John Hurrell – 1 January, 2023
The slippery vagueness of these ‘patches' is what gives these billboards their appeal. They are open to many interpretations, with (from the gallery blurb) ‘rural queer belonging' being the salient one—specifically same-sex female with the heart/breasts motif; specifically same-sex male with the dripping phallus.
Peach Teats at the Dude Ranch
Curated by Andrew Kennedy
4 December 2022 - 29 January 2023
These ‘woven patches’ are loaded with agricultural and sexual ambiguity. Four elegantly-composed framed images—apparently designed to decorate your denim jeans, skirt or jacket, and (when recontextualised) make an embroidered political statement seemingly about the wearer’s sexual identity—now enlarged with considerable formal impact to be viewed as hoardings on Reeves Rd or outside the Parnell train station.
So we ask ourselves: Is the twice repeated sickle a crescent moon in the sky wrapped around a rocket, a slashing scythe (a symbol of castration), or a curved directional arrow to help turning the teat’s screw-on thread? Is the teat that is designed for feeding calves (permanently separated from their mothers) and which featured on a billboard on a farm near Hunterville, a phallic symbol, a dildo, a breast, a metaphor for cultural intervention into nature, or a cipher for cruelty to animals.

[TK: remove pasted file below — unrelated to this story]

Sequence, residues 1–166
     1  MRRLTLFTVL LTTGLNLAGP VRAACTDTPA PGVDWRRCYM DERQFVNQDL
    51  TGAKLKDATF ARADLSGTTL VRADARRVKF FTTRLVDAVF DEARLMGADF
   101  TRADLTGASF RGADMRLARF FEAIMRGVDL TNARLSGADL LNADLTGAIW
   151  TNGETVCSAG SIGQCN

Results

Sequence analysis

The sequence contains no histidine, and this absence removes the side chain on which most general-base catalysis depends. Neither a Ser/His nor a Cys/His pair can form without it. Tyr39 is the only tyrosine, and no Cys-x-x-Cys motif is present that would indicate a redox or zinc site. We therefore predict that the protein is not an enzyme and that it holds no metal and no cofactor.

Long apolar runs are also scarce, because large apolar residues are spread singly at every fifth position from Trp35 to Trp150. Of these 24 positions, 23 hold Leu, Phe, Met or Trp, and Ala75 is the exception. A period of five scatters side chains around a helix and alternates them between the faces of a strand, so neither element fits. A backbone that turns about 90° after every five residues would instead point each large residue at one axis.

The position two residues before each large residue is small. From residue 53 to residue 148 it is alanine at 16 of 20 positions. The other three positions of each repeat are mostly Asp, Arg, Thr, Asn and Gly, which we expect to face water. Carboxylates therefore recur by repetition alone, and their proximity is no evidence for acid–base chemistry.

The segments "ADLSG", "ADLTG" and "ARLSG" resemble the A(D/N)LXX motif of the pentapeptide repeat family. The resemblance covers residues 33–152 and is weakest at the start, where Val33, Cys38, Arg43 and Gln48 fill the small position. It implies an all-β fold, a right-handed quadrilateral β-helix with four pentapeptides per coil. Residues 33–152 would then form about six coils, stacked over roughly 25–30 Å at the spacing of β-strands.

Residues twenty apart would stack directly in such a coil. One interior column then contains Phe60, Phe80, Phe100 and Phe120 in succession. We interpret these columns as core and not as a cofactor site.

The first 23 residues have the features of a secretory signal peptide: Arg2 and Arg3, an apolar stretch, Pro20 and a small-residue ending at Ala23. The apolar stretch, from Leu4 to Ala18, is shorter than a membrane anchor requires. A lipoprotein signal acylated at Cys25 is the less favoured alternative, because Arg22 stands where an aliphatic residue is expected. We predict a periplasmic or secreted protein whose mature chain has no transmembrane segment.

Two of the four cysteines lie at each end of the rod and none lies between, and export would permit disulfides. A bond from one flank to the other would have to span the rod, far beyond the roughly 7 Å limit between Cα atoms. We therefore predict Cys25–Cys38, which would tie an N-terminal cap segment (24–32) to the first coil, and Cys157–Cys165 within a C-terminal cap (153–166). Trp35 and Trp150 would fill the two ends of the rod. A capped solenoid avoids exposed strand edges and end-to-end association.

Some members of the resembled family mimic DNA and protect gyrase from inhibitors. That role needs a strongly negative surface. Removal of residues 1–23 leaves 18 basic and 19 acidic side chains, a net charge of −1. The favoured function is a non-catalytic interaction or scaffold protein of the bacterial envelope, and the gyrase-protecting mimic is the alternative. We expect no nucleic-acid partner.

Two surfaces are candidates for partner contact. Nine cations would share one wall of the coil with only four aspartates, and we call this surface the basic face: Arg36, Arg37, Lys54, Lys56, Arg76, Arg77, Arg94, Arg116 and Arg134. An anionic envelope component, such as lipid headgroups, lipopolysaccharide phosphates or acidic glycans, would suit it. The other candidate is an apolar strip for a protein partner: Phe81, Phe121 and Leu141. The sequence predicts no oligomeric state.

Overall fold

Another image, a layered double heart with four squirting breasts on top, is easier to interpret. The rural location and melded body parts reference the 1985 film, Desert Hearts, a pioneering movie about a lesbian romance set in Reno in 1959; and the quadruple tits: a famous MAdGE anti GM billboard from the turn of the millennium, showing a naked woman in profile on her hands and knees, with four breasts. Like a cow with udders.
That veined red heart motif, as a somewhat gory romantic symbol, is grotesquely funny and not threatening like the sickle / teat (scythe /cock) image, which is also an obvious vulgar pun on screwing. “The Dude Ranch” of the show’s title suggests perhaps that the Rangitīkei property displaying the billboard is a stud farm for inseminating bulls, as well as a tourist hotel for ‘cowboys’. Maybe also a gay brothel?
Simons’ fourth image, seen outside the Parnell train station, features a cow’s wet nose and slobbering tongue (like the others suspended in a cloudy sky). It can be taken as a simple symbol for hunger, for needed nourishment, or much broader—sexual desire. Overt unrelenting horniness.
The slippery vagueness of these ‘patches’ is what gives these billboards their appeal. They are open to many interpretations, with (from the gallery blurb) ‘rural queer belonging’ being the salient one—specifically same-sex female with the heart/breasts motif; specifically same-sex male with the dripping phallus.
It is an entertaining show because of its poetic openness, inventively incorporated sources and subtly understated humour. Unusually for such roadside billboards, the sensual and highly textured images really reward close inspection and prolonged contemplation.
Two Rooms presents a program of residencies and projects
by leading international and New Zealand contemporary artists.